SOTOZEN-NET > Soto Zen Temples > Touring Venerable Temples of Soto Zen Buddhism in Japan Plan > Vol.6 Temple Saijoji
The temple Saijoji was founded in 1394 in Sagami (modern Kanagawa Prefecture) by Ryoan Emyo Zenji, who was once chief priest at the head temple Sojiji. Numerous Japanese cryptomeria cedars contribute to the solemn, mystical mood of the grounds, where there are more than 30 halls and temples, including a pagoda in the Treasure-Tower (tahoto) style erected in 1863.
The following story is told of Saijoji. One day, a great eagle seized Emyo Zenji's surplice, flew with it to some mountains, and hung it on a large pine bough. Taking this as a sign, Emyo Zenji had the temple built at that location. The pine survives. The ascetic monk (shugenja) named Sagamibo Doryo is revered in one part of the temple grounds. It is said that he flew to Emyo Zenji's side when the temple was being built and completed the project in only one year.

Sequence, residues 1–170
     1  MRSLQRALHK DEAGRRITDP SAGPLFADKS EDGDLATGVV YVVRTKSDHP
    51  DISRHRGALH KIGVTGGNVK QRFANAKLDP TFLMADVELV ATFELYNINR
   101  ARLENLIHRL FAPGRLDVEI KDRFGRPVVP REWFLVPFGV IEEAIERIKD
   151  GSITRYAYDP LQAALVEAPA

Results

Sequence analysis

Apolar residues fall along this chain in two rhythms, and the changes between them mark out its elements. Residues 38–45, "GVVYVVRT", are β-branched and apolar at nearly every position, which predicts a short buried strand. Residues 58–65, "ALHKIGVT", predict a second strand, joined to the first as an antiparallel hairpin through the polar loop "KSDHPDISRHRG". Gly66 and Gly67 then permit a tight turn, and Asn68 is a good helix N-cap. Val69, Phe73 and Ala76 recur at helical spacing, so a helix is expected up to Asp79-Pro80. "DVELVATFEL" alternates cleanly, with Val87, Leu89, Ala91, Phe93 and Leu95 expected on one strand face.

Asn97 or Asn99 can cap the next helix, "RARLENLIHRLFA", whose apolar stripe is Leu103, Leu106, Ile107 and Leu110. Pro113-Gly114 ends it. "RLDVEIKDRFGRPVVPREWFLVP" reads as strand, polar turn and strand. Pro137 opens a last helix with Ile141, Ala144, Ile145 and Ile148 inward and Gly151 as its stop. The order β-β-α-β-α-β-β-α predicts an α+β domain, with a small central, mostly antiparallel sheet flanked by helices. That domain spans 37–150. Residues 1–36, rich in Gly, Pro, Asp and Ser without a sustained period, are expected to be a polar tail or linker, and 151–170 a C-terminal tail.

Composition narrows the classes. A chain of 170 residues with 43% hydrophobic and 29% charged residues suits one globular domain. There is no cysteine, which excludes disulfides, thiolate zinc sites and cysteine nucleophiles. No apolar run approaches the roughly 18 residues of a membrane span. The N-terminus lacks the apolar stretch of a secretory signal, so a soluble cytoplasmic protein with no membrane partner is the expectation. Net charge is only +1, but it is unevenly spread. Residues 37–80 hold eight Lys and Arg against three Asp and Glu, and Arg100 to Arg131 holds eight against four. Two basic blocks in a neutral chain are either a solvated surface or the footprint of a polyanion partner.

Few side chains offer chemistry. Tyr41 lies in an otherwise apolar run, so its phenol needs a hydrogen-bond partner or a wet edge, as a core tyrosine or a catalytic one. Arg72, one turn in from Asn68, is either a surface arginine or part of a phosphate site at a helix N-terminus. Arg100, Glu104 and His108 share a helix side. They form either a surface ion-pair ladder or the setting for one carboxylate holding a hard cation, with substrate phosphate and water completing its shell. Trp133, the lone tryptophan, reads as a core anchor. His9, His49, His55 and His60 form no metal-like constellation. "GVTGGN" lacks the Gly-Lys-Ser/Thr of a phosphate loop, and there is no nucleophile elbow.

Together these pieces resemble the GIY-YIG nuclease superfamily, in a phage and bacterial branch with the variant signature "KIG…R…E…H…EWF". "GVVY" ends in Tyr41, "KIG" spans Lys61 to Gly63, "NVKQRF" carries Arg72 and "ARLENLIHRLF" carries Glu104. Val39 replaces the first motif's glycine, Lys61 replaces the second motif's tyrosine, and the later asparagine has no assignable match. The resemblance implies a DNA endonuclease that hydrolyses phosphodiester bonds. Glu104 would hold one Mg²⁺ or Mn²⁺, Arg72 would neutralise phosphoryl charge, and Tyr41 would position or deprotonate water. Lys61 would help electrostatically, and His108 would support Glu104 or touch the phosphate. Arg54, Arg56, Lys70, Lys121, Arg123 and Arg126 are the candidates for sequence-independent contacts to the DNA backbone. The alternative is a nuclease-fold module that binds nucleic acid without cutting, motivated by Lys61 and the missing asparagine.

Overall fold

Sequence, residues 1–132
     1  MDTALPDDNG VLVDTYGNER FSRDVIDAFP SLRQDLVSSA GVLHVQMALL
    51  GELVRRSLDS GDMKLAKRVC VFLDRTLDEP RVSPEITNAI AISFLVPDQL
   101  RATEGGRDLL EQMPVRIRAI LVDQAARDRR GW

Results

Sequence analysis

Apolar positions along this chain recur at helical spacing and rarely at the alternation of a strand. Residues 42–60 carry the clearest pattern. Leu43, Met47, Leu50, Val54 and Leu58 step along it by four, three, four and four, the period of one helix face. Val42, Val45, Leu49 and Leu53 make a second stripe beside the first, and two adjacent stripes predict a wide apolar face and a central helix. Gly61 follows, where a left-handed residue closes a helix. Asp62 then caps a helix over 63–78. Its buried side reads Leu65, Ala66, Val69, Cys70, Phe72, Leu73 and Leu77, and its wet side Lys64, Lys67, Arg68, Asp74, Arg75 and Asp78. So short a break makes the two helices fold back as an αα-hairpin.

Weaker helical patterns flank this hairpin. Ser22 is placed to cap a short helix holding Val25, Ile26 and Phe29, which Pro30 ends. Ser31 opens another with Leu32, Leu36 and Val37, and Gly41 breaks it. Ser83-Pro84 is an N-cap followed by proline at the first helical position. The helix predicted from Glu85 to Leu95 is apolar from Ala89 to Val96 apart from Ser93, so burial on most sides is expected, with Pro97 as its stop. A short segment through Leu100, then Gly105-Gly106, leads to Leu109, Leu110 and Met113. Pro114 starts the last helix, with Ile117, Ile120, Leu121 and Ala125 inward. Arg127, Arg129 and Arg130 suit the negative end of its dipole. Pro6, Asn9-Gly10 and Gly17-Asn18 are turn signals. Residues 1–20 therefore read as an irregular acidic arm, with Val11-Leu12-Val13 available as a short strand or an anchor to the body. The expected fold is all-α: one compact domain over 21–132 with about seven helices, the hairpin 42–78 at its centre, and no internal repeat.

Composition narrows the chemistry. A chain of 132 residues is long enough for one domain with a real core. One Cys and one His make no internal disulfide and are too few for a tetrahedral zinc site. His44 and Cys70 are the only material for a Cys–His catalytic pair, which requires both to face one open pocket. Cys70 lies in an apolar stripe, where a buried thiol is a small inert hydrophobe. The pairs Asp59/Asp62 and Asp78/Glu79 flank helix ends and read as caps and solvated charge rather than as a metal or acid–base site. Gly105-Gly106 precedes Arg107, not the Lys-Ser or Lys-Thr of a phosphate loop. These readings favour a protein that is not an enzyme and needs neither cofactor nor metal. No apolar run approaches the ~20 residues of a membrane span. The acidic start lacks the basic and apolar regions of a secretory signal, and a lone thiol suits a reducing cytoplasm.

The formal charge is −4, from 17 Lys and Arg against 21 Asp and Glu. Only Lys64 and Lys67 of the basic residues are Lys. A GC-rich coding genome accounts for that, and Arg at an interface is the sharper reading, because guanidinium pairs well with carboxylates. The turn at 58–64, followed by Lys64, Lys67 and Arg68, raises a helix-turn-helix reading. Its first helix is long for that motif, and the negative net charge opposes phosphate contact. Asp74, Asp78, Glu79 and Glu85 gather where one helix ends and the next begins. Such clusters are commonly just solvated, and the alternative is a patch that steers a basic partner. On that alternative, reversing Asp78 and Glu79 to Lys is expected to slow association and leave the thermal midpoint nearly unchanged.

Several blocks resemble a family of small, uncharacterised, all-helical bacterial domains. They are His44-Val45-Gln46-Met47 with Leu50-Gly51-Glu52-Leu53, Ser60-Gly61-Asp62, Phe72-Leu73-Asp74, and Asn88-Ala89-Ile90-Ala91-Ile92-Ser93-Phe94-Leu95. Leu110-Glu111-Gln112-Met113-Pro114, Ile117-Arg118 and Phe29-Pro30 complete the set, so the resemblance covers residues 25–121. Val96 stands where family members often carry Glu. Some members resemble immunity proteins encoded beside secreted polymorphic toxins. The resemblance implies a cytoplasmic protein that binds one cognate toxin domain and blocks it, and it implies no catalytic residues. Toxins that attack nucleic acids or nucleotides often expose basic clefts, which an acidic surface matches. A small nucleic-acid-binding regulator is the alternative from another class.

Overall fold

After Emyo Zenji's death, vowing to protect Daiyuzan and save as many people as possible, he disappeared into the mountains. Since then, as the Great Bodhisattva Doryo, he has been an object of fervent faith. Numerous pairs of red takageta (wooden clogs with high supports) donated in connection with Doryo are on view at the temple. In addition, the flowers of plums dating back as much as six centuries and of 10,000 hydrangea plants greet pilgrims in season.
JR Tokaido Line to Odawara. The Daiyuzan Line of the Izu- Hakone Railway to Daiyuzan Station. Five minutes' walk from the Doryo-son stop on the Doryo-son-yuki bus line.